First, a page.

HSR&D Home » Research » IAB 05-303 – HSR&D Study
Proactive Tobacco Treatment for Diverse Veteran Smokers
Steven S. Fu, MD MSCE
Minneapolis VA Health Care System, Minneapolis, MN
Funding Period: July 2008 - June 2012
Tobacco use is the leading cause of premature death in the United States and disproportionately affects Veterans and certain racial/ethnic minority groups. Most smokers are interested in quitting; however, current tobacco use treatment approaches are reactive and require smokers to initiate treatment or depend on the provider to initiate smoking cessation care. As a result, most smokers do not receive comprehensive, evidence-based treatment for tobacco use that includes intensive behavioral counseling along with pharmacotherapy. Proactive tobacco treatment integrates population-based treatment (i.e., proactive outreach) and individual-level treatment (i.e., smoking cessation counseling and pharmacotherapy) to address both patient and provider barriers to comprehensive care.
The primary objectives of this study were to (1) Assess the effect of a proactive care intervention on population-level smoking abstinence rates (i.e., abstinence among all smokers including those who use and do not use treatment) and on use of evidence-based tobacco treatments compared to reactive/usual care among a diverse population of Veteran smokers, (2) Compare the effect of proactive care on population-level smoking abstinence rates and use of tobacco treatments between African American and White smokers, and (3) Determine the cost-effectiveness of the proactive care intervention.
In this prospective randomized controlled trial, we identified a population-based registry of current smokers (N=6400) from four Department of Veterans Affairs (VA) Medical Centers facilities using the VA electronic medical record, who were randomized to proactive care or usual care. The proactive care intervention combines: (1) proactive outreach and (2) offer of choice of smoking cessation services (telephone or face-to-face). Proactive outreach included mailed invitations followed by telephone outreach with motivational enhancement (up to 6 call attempts) to encourage smokers to seek treatment with choice of services. Proactive care participants who chose telephone care received VA telephone counseling and access to pharmacotherapy. Proactive care participants who chose face-to-face care were referred to their VA facility's smoking cessation clinic. Usual care group participants had access to standard smoking cessation services provided by their VA facility and their VA primary care provider. Usual care participants could also call their local state telephone quitline. Because this study was testing proactive outreach, smokers were randomized prior to contact and a baseline survey was administered after randomization using a multiple-wave mailed questionnaire protocol. Additional baseline data were extracted from VA administrative databases. Outcomes from both groups were collected 12 months post-randomization from participant surveys and from VA administrative databases. The primary outcome was population-level cessation at one year using a self-reported, 6-month prolonged smoking abstinence measure.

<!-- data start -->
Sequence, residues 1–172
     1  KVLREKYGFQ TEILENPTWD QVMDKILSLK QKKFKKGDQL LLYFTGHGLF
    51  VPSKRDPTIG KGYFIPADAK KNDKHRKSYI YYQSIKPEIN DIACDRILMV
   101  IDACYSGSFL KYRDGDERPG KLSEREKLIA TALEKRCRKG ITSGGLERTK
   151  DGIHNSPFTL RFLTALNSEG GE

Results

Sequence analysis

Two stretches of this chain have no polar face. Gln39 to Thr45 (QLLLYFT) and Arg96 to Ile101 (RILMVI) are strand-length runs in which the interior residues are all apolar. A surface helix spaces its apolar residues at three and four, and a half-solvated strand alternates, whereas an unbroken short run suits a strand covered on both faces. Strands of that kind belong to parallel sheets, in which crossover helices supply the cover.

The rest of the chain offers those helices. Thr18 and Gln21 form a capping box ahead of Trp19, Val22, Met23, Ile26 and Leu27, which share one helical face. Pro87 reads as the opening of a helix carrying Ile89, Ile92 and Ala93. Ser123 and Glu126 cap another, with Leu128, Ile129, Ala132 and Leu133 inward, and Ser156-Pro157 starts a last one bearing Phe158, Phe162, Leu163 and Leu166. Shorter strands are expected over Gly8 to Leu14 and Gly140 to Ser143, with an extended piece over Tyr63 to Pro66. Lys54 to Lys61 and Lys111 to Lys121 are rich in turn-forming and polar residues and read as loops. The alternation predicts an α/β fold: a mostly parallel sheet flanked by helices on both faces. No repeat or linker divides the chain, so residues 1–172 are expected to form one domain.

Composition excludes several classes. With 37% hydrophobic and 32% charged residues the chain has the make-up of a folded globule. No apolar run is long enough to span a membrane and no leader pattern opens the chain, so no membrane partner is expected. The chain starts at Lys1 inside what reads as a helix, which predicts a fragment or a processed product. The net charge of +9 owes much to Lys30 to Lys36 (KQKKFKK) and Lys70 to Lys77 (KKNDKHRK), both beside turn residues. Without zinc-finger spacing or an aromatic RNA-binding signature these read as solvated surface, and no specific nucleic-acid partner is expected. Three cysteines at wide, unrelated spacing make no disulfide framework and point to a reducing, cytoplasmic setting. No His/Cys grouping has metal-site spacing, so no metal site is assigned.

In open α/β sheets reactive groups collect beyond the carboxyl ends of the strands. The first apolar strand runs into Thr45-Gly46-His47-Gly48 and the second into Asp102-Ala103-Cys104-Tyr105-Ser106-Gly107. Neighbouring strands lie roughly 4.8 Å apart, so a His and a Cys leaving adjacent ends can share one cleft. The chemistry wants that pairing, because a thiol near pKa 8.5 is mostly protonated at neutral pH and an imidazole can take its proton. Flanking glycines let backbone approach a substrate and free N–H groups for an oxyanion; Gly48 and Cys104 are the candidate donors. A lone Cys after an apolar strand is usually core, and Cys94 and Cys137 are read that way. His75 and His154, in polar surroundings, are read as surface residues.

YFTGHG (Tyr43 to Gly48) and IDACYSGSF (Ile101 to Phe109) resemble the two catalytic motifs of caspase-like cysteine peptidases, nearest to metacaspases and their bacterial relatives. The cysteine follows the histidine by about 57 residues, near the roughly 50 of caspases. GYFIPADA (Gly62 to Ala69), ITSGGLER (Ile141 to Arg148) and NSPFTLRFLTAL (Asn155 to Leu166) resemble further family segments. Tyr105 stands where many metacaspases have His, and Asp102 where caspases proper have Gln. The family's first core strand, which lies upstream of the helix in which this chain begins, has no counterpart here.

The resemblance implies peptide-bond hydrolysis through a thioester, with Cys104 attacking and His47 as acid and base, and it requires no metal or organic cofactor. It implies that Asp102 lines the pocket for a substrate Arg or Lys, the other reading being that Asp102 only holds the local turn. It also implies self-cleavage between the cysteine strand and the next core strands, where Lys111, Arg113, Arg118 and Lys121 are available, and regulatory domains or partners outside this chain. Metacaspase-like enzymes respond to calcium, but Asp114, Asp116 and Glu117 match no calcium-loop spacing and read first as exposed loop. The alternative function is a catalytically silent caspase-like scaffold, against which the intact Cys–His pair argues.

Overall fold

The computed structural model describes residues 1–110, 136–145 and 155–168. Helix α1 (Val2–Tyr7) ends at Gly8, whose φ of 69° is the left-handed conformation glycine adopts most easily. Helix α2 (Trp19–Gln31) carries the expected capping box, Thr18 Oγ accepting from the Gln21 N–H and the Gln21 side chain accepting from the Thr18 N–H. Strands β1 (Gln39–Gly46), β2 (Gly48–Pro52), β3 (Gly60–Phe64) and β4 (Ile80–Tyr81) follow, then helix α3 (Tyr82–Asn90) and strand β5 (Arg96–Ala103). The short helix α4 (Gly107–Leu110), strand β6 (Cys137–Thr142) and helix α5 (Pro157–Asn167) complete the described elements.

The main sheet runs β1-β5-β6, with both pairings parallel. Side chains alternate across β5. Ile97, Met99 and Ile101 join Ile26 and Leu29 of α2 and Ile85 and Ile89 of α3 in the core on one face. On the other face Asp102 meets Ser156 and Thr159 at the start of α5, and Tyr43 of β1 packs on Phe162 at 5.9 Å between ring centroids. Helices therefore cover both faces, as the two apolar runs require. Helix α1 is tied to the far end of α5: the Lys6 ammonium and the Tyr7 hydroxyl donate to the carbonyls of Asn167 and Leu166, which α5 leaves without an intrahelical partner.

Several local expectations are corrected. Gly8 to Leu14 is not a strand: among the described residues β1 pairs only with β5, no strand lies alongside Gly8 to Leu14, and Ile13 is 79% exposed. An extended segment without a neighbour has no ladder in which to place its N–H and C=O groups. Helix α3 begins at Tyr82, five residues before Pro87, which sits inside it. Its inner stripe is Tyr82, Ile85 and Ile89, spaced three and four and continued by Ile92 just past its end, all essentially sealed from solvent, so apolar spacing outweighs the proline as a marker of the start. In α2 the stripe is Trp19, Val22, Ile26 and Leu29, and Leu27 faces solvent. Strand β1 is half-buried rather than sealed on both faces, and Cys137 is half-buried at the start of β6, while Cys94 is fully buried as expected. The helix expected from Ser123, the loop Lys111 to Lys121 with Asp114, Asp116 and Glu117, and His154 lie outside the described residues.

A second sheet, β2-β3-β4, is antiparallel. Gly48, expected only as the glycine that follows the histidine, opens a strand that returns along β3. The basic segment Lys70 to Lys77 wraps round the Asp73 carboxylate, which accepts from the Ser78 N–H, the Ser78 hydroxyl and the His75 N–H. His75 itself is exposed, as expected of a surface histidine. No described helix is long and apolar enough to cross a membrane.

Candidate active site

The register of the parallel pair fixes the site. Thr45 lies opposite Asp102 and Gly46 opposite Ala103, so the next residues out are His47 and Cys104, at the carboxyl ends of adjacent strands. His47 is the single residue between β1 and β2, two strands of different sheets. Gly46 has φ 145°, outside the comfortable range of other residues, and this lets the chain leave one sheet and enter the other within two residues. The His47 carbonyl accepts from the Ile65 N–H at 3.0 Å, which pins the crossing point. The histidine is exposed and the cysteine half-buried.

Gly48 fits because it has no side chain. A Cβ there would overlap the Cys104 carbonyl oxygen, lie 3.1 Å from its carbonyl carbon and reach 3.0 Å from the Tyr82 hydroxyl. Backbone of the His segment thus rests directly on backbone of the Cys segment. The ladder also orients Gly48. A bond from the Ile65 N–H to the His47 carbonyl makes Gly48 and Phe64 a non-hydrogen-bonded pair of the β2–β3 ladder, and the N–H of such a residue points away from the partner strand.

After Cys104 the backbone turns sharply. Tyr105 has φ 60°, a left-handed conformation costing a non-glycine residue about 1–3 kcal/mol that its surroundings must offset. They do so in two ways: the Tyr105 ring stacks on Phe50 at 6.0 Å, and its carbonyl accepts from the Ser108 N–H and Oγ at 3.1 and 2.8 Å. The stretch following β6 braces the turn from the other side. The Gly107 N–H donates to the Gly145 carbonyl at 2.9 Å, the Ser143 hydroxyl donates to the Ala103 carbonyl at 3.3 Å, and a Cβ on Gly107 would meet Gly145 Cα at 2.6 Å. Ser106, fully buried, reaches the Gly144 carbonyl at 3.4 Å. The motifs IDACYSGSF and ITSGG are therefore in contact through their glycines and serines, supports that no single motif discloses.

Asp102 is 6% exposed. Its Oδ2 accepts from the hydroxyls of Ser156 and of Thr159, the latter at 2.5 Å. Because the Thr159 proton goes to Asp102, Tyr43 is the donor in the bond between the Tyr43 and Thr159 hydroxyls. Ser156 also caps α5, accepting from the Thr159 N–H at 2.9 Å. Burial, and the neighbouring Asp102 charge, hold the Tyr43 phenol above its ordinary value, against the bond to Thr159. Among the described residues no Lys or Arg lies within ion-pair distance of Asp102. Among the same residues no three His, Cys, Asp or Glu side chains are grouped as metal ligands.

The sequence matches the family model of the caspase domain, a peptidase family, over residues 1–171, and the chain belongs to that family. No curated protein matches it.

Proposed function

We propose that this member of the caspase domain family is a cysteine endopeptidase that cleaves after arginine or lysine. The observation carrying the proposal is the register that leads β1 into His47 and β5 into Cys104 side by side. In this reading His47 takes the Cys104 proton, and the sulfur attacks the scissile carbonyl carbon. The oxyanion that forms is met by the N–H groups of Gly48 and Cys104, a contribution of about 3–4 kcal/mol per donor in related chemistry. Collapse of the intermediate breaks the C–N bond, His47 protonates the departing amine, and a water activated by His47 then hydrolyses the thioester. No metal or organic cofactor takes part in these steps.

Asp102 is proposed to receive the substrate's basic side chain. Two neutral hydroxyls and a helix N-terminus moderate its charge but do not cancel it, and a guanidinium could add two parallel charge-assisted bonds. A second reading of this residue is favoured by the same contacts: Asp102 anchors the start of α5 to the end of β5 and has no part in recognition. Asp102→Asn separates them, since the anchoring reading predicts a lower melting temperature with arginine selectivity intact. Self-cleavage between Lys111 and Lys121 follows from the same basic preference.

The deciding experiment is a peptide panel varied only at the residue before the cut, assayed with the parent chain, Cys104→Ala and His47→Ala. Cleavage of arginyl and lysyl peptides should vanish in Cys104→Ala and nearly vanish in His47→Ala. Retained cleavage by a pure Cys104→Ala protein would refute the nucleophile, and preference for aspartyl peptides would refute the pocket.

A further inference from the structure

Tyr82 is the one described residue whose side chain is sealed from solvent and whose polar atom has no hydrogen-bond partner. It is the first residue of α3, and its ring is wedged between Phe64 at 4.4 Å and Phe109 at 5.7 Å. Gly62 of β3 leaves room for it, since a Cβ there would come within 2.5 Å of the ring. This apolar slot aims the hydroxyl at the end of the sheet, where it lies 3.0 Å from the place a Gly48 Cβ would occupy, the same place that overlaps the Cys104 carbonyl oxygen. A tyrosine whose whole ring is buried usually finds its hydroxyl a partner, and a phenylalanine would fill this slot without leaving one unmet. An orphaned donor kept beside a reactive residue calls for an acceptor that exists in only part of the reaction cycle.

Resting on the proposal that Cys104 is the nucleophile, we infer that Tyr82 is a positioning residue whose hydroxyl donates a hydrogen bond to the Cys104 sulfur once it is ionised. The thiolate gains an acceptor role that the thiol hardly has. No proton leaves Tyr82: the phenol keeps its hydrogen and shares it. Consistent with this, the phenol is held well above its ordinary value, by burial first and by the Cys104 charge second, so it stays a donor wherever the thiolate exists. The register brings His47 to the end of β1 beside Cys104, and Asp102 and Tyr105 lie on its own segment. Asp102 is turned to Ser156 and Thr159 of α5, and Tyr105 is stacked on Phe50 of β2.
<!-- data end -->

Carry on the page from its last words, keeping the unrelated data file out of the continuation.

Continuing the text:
A) Across the four VA Medical Centers, nearly all Veterans in primary care had their tobacco use status documented in the VA electronic medical record.